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Inside Dental Technology

July/August 2011, Volume 2, Issue 7
Published by AEGIS Communications


3D Printing and Laser Sintering Technologies

Additive technologies are finding increased uses in the dental laboratory industry.

By Chris Brown, BSEE

Technology and equipment from other industries have regularly been adapted for use in the dental industry. Scanners, both model and intraoral, have their roots in other markets. Most of the computer-aided manufacturing (CAM) milling systems in use today in dental laboratory production processes came from other industries. Thus, it should come as no surprise that the 3D printing and rapid prototyping technologies used in general manufacturing have joined CAD/CAM milling and scanning as an emerging and new technology in dentistry.

CAM milling technology is a familiar process to dentistry. Often referred to as a subtractive process, milling involves taking a block of material and cutting away everything that is not necessary until the final part emerges. In contrast, 3D printing technology is an additive process, one that involves adding material layer by layer to build the final product.

Currently, 3D printing technology, or "additive manufacturing" as it is being called, is used to provide a number of products in the dental industry. Most common are wax patterns for fixed prosthodontics and models fabricated from intraoral or impression scans. However, popularity is gaining for orthodontics and removable prosthodontics.

There are basically four different 3D printing technologies being used in the dental industry today: stereo-lithography apparatus (SLA), digital light projection (DLP), Jet, and direct laser metal sintering (DLMS). Each system varies in the materials available, how those materials are solidified, and how they can be used.

Support Material and Build Envelope

Each additive manufacturing system features a working platform that is typically lowered each time a layer is printed. The final part must be physically separate from the platform to facilitate easy removal. The entire length and width of the part also must be supported; otherwise, cantilevered sections would collapse. Supports may be vertical rods made of the final part material, or a solid section of a special wax. Depending on the printing technology used, the support material is cut off, or rinsed/washed off after the part has been printed.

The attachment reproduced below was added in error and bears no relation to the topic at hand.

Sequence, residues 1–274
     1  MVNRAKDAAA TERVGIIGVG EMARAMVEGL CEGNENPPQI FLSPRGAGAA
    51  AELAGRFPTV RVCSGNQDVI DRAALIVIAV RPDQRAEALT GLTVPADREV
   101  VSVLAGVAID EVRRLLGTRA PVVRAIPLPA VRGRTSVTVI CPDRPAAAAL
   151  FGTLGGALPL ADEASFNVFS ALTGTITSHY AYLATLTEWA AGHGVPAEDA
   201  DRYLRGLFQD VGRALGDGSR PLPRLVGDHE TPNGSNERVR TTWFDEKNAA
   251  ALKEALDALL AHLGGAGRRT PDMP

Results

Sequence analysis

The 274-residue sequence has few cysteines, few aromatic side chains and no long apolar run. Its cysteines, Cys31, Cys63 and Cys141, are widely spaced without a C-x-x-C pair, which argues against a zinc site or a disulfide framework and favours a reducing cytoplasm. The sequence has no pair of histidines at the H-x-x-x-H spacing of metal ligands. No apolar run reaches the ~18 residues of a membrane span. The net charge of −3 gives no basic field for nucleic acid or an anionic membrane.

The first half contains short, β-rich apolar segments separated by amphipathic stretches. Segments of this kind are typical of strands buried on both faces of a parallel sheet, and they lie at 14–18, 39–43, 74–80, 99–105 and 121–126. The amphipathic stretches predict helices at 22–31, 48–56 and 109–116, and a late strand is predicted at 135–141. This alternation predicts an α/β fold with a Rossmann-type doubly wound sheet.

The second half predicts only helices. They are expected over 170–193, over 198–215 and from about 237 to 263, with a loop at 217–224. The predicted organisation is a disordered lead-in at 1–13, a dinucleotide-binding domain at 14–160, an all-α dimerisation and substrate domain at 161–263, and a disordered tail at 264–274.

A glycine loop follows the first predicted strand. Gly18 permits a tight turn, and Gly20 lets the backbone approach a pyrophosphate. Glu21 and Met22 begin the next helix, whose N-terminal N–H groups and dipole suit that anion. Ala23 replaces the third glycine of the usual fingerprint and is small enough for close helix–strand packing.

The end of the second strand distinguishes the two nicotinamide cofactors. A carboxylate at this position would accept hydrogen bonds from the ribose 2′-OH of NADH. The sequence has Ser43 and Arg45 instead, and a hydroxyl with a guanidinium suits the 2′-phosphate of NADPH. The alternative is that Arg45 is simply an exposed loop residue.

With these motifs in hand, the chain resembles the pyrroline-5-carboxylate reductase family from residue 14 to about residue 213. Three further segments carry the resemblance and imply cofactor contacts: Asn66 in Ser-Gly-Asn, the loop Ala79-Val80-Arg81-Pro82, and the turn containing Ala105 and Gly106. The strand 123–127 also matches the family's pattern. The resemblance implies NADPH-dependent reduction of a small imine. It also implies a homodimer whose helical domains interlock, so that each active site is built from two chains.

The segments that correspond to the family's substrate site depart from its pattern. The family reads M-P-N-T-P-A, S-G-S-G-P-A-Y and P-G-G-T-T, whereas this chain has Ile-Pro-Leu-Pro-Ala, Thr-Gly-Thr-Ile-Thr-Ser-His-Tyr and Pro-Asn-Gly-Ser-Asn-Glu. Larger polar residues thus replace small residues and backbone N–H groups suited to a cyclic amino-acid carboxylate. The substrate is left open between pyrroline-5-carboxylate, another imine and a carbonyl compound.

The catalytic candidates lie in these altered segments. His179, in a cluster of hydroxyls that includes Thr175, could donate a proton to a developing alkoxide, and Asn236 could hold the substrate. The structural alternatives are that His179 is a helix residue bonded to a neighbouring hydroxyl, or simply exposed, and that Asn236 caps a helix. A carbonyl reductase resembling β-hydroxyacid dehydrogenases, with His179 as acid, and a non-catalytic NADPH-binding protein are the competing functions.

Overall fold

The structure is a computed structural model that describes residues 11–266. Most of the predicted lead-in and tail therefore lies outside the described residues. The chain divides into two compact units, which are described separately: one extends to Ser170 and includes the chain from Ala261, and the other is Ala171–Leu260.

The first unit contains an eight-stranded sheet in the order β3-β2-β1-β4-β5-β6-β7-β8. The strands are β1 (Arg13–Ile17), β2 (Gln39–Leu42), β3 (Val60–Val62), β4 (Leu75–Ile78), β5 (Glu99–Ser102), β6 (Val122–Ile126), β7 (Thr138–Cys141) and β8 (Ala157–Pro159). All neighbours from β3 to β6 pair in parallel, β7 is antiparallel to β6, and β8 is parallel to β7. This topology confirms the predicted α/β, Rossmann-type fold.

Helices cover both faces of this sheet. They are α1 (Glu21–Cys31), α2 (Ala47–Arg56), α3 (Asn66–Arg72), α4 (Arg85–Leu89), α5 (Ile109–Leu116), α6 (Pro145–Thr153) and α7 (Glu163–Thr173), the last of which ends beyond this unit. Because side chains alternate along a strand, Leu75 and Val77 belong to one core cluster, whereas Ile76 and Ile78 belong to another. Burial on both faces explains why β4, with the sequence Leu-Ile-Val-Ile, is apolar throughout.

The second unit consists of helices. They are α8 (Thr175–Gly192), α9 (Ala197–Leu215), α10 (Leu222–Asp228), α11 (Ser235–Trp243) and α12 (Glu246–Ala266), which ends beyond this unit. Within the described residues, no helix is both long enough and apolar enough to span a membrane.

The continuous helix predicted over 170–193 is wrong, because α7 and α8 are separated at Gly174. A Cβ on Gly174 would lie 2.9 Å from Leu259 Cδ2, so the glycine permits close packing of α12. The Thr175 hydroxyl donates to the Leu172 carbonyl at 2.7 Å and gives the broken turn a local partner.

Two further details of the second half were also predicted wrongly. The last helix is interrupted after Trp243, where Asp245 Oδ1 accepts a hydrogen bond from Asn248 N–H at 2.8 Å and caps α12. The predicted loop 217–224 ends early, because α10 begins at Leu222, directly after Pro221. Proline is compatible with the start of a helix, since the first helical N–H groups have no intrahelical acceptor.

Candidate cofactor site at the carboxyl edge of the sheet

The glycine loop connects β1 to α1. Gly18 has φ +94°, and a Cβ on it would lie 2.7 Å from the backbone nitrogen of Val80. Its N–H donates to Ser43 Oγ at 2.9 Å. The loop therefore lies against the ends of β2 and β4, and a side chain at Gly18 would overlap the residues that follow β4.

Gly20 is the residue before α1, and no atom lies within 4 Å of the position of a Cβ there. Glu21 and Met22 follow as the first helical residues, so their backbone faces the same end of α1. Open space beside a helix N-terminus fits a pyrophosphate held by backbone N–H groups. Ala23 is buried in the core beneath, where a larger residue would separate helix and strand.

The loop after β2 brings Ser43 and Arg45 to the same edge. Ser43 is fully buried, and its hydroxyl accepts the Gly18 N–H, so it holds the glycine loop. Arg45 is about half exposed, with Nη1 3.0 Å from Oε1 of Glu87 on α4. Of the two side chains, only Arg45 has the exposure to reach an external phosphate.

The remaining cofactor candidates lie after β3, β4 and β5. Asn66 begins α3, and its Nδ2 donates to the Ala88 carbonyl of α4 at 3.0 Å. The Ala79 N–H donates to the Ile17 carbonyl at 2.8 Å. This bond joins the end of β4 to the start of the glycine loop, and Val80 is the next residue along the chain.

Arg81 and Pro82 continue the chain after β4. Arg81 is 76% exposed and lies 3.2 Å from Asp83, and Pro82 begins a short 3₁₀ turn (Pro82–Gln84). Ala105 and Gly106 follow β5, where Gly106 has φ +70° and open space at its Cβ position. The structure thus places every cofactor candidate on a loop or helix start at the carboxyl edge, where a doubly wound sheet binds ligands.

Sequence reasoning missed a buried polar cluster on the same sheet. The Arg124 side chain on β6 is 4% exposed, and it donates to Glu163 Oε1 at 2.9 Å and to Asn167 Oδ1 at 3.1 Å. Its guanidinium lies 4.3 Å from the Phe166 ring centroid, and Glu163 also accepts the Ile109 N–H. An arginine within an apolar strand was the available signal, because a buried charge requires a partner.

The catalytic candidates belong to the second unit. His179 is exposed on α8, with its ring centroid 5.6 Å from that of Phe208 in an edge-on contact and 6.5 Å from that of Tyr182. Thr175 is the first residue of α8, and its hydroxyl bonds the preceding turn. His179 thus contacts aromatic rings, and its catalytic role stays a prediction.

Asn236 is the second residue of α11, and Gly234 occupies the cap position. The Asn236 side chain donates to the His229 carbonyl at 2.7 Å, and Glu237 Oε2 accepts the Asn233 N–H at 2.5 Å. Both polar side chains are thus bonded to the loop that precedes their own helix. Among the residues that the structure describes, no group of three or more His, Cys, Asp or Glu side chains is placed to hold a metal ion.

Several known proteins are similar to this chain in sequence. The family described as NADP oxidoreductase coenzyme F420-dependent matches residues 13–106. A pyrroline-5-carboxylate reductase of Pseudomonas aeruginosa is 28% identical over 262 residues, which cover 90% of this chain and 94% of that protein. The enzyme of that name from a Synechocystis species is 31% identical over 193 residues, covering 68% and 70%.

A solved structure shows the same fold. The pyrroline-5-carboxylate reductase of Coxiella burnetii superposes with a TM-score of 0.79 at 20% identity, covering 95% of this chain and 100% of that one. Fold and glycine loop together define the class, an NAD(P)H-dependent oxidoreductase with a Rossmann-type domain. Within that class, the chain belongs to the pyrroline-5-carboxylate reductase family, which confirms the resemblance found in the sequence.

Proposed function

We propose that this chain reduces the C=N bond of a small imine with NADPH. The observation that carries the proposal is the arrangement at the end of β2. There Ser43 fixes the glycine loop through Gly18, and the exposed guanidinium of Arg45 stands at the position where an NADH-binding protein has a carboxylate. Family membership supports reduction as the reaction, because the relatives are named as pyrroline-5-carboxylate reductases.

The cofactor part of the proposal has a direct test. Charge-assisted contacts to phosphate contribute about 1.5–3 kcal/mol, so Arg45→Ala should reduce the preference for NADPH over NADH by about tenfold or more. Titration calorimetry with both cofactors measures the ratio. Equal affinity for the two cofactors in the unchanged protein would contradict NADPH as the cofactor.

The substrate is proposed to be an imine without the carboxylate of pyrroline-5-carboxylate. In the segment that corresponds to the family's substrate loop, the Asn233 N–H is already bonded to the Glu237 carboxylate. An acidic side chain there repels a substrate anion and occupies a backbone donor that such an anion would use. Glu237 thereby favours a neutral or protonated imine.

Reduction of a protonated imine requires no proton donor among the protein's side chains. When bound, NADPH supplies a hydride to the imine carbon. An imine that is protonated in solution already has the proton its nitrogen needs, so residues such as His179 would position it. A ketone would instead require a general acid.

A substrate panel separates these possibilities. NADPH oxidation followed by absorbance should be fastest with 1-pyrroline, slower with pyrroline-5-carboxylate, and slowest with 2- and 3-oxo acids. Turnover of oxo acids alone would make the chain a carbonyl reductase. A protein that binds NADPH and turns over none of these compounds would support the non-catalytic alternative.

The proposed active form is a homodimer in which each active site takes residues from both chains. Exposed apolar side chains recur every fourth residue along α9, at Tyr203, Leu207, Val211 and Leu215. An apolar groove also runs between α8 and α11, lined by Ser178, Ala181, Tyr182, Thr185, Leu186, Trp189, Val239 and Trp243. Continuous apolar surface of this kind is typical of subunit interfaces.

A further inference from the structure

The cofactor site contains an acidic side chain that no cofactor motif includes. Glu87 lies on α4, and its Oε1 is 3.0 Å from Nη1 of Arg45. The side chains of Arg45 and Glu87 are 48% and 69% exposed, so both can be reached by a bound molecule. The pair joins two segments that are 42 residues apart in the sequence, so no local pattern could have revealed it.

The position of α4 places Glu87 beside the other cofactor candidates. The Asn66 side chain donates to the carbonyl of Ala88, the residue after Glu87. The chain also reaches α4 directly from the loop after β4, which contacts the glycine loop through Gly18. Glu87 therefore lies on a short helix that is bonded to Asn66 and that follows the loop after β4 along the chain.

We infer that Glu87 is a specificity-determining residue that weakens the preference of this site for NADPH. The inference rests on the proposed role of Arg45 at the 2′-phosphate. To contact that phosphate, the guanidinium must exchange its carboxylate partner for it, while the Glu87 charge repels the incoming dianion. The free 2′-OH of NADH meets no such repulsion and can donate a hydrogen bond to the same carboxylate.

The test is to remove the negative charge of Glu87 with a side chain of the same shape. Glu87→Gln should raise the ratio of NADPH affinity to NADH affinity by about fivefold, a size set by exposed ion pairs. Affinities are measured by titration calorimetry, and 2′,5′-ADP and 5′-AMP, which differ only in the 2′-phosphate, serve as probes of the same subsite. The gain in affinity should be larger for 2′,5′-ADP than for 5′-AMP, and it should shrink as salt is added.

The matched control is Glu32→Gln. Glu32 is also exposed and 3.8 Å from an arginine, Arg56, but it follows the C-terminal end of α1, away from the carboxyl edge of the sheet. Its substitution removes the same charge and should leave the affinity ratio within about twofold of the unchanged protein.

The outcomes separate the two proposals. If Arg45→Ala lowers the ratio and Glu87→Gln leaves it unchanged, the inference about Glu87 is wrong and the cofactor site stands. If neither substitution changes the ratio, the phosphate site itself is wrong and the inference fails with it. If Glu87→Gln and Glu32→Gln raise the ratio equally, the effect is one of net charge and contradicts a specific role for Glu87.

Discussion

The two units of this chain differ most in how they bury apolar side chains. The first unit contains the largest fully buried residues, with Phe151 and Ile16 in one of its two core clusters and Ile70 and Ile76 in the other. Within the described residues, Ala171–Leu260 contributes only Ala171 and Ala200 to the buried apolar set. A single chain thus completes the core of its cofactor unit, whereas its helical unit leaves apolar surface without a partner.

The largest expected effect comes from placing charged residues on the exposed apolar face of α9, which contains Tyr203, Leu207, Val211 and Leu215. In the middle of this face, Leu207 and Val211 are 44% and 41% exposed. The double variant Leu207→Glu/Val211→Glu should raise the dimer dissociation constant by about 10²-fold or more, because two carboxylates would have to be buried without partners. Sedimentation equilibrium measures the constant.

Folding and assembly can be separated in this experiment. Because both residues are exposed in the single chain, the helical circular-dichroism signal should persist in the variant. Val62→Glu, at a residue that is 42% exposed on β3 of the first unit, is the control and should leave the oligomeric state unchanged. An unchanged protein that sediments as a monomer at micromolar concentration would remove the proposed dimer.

Each 3D printing system has a specific build envelope, or part size limitation, upon which the printing takes place. The greater the length, width, and height of the build envelope, the more parts that can be printed during a job.

Project Set-up

Special CAM software is used to import a computer-assisted design (CAD) file, usually supplied in STL or SLC format, from a scanner or CAD software. The CAM software slices the parts into discrete horizontal layers, anywhere from 13 µm to 100 µm in thickness. Some CAM software programs require manual identification of support material locations, while others will place supports automatically. Sometimes a second program is used to manage the jobs the printer is running.

Build Time

Build time is the time required to print a project from start to finish. It is a function of the height of the parts being produced and the layer thickness of the parts. The taller the parts, and the more layers that must be printed, the longer the project will take. Most systems offer a high-resolution mode with the smallest possible layer thickness, or a high-speed mode where the layers are fewer, but thicker. There is always a compromise between layer resolution and build time. Certain technologies, such as SLA and DLMS, where the laser traces each part individually may take longer than DLP technology, where a complete layer including all of the parts is projected at once onto the build platform, or Jet technology, where sections of parts are printed with each pass of the print head.

Stereo Lithography Apparatus (SLA)

Stereo Lithography Apparatus (SLA) 3D printing uses a UV-sensitive liquid resin as the working material. A UV-laser is projected on and moves across the reservoir of the resin build material, illuminating and hardening the liquid resin only in the areas where the part is being printed. If multiple parts are being printed, each part is traced on the resin by the laser. The platform holding the part or parts lowers after each layer is printed, and a wiper blade spreads more build material uniformly across the working space. The UV laser makes another pass, tracing the outline of the next layer for each part in the print job. The process is repeated layer by layer until the job is complete. SLA technology allows for varying the layer thickness throughout the printing process. Some layers can be 100 µm thick where accuracy is not critical and then dialed to 50 µm or less when greater accuracy is required.